Promoting social equity was one of the core motivations for the marijuana legalization movement. Specific factors like implementing criminal justice reforms and reinvesting in communities hard hit by marijuana prohibitions were essential parts of the argument for passing the reform.

The law will require the state to develop a timeline to seal cannabis-related criminal records. The day the law passed, misdemeanor possession and intent to distribute convictions were automatically sealed from the Virginia State Police’s systems. By 2025, arrest records, including arrests, charges, and convictions for simple possession and misdemeanor distribution, will be automatically sealed across all state and private databases. These reforms of criminal record-keeping aim to remove impediments of Virginians seeking employment, housing and education opportunities that a marijuana conviction may impact.

The law will also initiate the creation of the Cannabis Equity Reinvestment Fund. This fund will receive 30 percent of all tax profits. The community-led Reinvestment Fund will be used to rectify and address the impact of disinvestment and unfair and heavy-handed law enforcement in specific communities.

Does Virginia’s Marijuana Reform Law Have Provisions to Protect Public Health?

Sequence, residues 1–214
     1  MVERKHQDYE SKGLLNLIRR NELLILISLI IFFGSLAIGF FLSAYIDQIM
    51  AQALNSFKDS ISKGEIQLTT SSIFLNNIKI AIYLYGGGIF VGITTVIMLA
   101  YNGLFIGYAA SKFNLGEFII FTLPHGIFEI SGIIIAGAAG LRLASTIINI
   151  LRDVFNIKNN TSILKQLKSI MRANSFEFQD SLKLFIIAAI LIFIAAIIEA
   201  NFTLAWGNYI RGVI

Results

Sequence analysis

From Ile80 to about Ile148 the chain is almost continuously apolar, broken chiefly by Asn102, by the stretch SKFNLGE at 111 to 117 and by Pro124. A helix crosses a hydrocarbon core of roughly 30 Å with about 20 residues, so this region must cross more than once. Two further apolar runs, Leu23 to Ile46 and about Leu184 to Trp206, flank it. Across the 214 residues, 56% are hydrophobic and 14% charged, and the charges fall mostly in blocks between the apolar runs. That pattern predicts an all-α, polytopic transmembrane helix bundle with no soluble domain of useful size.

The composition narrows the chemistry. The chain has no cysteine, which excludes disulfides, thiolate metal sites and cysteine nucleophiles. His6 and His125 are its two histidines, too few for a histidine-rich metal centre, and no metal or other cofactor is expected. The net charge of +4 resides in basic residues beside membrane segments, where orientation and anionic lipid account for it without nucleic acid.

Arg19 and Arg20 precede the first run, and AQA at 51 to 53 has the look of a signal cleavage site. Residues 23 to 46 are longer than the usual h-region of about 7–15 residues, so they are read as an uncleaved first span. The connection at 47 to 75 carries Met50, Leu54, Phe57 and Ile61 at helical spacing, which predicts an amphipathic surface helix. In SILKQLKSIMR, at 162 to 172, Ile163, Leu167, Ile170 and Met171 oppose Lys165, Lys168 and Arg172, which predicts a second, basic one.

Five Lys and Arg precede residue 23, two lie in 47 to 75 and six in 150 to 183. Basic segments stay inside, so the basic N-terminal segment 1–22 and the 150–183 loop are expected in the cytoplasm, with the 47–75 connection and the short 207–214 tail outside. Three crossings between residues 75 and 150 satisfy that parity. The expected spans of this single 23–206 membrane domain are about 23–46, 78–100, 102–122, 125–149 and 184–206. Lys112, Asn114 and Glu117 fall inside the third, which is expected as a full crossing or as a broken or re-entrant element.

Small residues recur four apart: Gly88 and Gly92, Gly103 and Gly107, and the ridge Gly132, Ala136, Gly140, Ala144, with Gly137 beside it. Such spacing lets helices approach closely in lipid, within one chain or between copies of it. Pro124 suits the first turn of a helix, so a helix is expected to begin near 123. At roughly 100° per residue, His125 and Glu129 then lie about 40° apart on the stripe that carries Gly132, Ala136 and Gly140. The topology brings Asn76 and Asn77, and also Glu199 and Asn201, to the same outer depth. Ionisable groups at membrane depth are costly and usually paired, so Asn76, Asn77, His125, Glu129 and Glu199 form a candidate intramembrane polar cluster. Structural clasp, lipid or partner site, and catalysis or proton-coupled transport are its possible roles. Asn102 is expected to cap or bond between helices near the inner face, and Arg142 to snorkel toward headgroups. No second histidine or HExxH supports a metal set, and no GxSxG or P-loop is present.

These cannabis reform laws place great importance on preventing youth access to marijuana. They ban advertising that is attractive to young people. Stores will be prohibited near schools. Warning labels are mandated on cannabis packaging, and child-protect locks are also required. The law will reserve 25 percent of taxable income for substance abuse prevention and treatment, in addition to 5 percent for public health programs.

Getting into the Marijuana Business

Undoubtedly, many people will want to become cannabis entrepreneurs when the law allows them to be. It is a profitable and very popular product. However, the procedure for obtaining a marijuana business license has not been determined yet and will likely not be available until 2023. There are many regulations and policies to be developed before anyone can start a marijuana business. But at least cannabis is not illegal to possess in Virginia, which is a step forward.

Cannabis Digest and Virginia’s New Cannabis Laws

At Cannabis Digest, our team is carefully monitoring the new laws and regulations regarding marijuana sales and consumption across the U.S. This includes the recent developments in states like Virginia, where cannabis is now legal, but the specifics of the law and enforcement are still largely in question. We will continue to monitor the developments here, so check back on our blog for updates. We know that what happens in one state will often affect another, and the eyes of the industry remain fixed on the Commonwealth of Virginia as legislators work to determine how to regulate and force the new laws.

For more information on cannabis regulation, legalization, and other issues, read the following stories here:

New Jersey likely to miss late February target date for legal cannabis sales

Thailand Takes Steps Towards Legalizing Cannabis

House of Representatives Set to Vote Again on Marijuana Banking Reform